The children of Nut include Osiris, Horus, Set, Isis, and Nephthys. When Ani claimed “before Isis I was,” he was dissociating himself from this contentious generation of deities in which the primal murder of Osiris by Set occurred, and claiming to have been one among the earlier generation, the “gods of the first time.” But there are also suggestions that the crime might be Set’s dismemberment of Osiris, whom Ani, in his role as Horus, avenger of his father, has to reconstitute to make reparation. Ani, in other words, might be expiating either or both of the Egyptian versions of the crimes of the Titans, and part of his strategy in doing so is to claim that he belongs to the earlier generation of gods (pp.131-133). [3]

So the crime of murderous rebellion or bearing a false oath became inattentiveness to the Buddha’s teachings in Journey to the West. And the gods of ancient Greece and Egypt became a son of Buddha punished to ten reincarnations as a mortal, his last one as a holy monk. This final point mirrors the concept of the last incarnation being a grand one as a king or holy person.

How these beliefs or related proto-beliefs came to China is unknown to me. If pressed, I would venture it involved some Buddhist text containing an ancient Indian arm of this philosophy.

II. Connection to the other pilgrims

I can’t pass up the opportunity to mention how this also relates to the other pilgrims, who are portrayed as former gods exiled from heaven for some offense. In place of several rounds of reincarnation, they are (among other punishments) forced to serve as Tripitaka’s guardians, protecting him from leagues of demons wanting to jump ahead in the cosmic hierarchy by eating the the monk’s flesh and gaining immortality. Marshal Tianpeng (Zhu Bajie) is banished for drunkenly forcing himself on the Moon goddess and reborn as a grotesque pig spirit (Wu & Yu, 2012, p. 212) (fig. 2). The Curtain-Raising General (Sha Wujing) is banished for breaking a treasure cup at a heavenly banquet and reborn as a monstrous water spirit plagued by a magic sword that stabs at him weekly (Wu & Yu, 2012, p. 209-210). [4] The dragon prince, son of the Western Sea Dragon King Aorun, is banished for burning a heavenly pearl (Wu & Yu, 2012, p. 213-214), but in place of execution, he agrees to transform into a dragon horse (a kind of rebirth) and serve as Tripitaka’s mount (Wu & Yu, 2012, p. 328). And even Sun Wukong is banished for his rebellion (the divine crime mentioned above) and punished to imprisonment under Five Elements Mountain. It’s interesting to note that one scholar suggests this punishment represents a symbolic death, leading to his eventual reincarnation (see Shao, 1997). (I’d like to add Sun’s additional punishment of eating a hellish diet of molten copper and hot iron balls speaks to a transitional period of afterlife punishment.) And once the pilgrims complete their penance (i.e. the journey), all are welcomed back into heaven, in this case the Buddha’s paradise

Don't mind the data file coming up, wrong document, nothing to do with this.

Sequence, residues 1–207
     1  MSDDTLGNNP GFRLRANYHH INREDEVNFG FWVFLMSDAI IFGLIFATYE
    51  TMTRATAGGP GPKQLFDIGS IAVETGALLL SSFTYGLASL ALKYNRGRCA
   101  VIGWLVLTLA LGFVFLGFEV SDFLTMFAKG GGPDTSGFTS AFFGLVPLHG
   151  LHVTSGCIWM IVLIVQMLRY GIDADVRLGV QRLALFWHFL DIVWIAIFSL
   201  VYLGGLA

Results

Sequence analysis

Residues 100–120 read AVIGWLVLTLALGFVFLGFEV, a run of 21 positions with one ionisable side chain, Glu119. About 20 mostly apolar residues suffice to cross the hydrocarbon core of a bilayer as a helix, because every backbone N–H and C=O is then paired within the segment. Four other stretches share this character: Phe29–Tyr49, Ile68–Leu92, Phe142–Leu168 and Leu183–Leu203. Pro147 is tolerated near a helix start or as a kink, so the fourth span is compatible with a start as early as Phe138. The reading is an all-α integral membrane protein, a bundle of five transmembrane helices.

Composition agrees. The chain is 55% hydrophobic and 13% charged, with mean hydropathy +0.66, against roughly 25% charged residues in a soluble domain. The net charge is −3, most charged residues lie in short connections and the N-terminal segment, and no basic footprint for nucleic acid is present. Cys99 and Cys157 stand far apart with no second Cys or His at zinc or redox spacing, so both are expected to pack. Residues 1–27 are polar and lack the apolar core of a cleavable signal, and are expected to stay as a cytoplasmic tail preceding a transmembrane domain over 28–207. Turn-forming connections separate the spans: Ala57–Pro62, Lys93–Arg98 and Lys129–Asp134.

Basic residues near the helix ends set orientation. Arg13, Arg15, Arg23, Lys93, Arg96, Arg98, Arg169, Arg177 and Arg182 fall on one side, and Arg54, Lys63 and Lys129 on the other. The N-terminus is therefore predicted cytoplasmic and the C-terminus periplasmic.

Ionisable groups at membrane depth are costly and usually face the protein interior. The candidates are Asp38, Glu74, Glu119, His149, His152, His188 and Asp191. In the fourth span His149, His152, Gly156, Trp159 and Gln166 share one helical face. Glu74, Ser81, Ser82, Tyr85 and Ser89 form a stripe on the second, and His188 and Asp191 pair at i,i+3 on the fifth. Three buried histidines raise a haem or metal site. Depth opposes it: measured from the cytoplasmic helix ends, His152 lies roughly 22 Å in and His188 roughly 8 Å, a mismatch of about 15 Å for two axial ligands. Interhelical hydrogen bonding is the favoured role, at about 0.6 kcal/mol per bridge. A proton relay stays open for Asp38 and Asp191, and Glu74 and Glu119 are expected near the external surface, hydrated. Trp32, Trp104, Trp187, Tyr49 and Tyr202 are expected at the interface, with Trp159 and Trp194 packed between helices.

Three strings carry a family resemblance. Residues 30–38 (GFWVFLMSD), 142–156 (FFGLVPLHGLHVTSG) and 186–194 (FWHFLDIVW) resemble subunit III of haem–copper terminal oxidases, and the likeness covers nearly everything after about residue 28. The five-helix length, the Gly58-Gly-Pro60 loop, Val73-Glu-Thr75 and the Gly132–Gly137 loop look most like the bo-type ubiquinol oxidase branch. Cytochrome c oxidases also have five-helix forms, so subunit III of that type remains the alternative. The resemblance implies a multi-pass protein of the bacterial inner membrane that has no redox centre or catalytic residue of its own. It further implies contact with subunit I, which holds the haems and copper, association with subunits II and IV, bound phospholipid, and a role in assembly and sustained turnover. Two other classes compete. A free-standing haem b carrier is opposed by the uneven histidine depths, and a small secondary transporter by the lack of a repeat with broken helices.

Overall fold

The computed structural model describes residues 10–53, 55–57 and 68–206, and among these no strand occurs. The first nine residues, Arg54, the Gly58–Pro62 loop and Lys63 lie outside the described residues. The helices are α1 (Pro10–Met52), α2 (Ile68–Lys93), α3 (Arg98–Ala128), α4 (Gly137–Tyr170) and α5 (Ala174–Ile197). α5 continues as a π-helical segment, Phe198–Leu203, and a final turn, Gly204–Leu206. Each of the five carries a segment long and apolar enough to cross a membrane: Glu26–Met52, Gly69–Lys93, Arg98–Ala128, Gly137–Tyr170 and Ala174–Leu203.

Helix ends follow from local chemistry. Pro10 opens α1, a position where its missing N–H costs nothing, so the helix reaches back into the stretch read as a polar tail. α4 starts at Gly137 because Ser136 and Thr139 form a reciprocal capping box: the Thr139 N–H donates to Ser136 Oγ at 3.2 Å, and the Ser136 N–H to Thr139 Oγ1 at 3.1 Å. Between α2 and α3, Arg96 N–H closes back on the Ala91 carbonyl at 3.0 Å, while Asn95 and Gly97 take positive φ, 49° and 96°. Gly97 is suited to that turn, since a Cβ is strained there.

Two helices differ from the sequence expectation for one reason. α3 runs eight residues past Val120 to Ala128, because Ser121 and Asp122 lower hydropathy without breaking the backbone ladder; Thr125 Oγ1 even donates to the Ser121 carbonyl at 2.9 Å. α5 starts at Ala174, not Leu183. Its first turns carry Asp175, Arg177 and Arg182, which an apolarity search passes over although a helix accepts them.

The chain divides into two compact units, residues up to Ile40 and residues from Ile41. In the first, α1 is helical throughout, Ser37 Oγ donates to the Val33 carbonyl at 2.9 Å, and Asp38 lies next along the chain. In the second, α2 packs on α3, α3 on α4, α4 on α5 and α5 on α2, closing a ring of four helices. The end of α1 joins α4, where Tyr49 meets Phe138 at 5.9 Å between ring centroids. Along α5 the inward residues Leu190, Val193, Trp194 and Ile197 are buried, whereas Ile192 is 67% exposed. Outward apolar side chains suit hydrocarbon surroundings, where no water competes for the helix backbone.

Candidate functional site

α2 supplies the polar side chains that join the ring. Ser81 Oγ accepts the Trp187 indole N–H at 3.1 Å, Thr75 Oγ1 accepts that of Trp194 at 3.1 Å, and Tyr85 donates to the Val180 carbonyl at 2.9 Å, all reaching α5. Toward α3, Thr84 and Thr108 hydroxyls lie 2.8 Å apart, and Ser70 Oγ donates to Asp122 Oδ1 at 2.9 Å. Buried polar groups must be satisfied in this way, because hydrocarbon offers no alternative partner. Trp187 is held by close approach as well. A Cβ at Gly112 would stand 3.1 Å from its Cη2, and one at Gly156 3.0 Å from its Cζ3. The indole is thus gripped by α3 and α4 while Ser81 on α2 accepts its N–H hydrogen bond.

Zhu Bajie-Chang'e stamp

Fig. 2 – A Taiwanese stamp featuring Zhu Bajie and the moon goddess.

III. Archive

Below I present a PDF of McEvilley (2002). I converted it from an EPUB, meaning the page count is not the same as the physical edition cited above. I originally intended to just post chapter four, but I was afraid of breaking any internal links, so I instead posted the entire book. This is a very fascinating read. Just know that it is extremely dense and can be hard to follow at times if you lack deep knowledge in Western philosophical history and belief. 

Archive link:

Click to access The-Shape-of-Ancient-Thought-Comparative-Studies-in-Greek-and-Indian-Philosophies-2001.pdf

Disclaimer:

This has been uploaded for educational purposes. No malicious copyright infringement is intended. Please support the official release.

Notes:

1. This appears on page 206 of the PDF.

2. See pages 209-210 in the PDF.

3. See pages 247-249 in the PDF.

4) It could be argued that Zhu and Sha do not reincarnate but simply take on monstrous forms upon being banished to earth because they still retain their memories, weapons, and magical skills. But maybe, as immortals, they are able to affect their own rebirth by directing the final destination of their primal spirit, thereby bypassing the normal mode of reincarnation that results in the loss of memory. An example of this is the rogue immortal Huaguang (華光) from Journey to the South (Nanyouji, 南遊記, 17th-c.), who is reborn several times and still has memories of his past and access to his holy weapons.

Sources:

McEvilley, T. (2002). The Shape of Ancient Thought: Comparative Studies in Greek and Indian Philosophies. New York: Allworth.

Shao, P. (1997). Monkey and Chinese Scriptural Tradition: A Rereading of the Novel Xiyouji (UMI No. 9818173) [Doctoral dissertation, Washington University]. Available from ProQuest Dissertations and Theses database.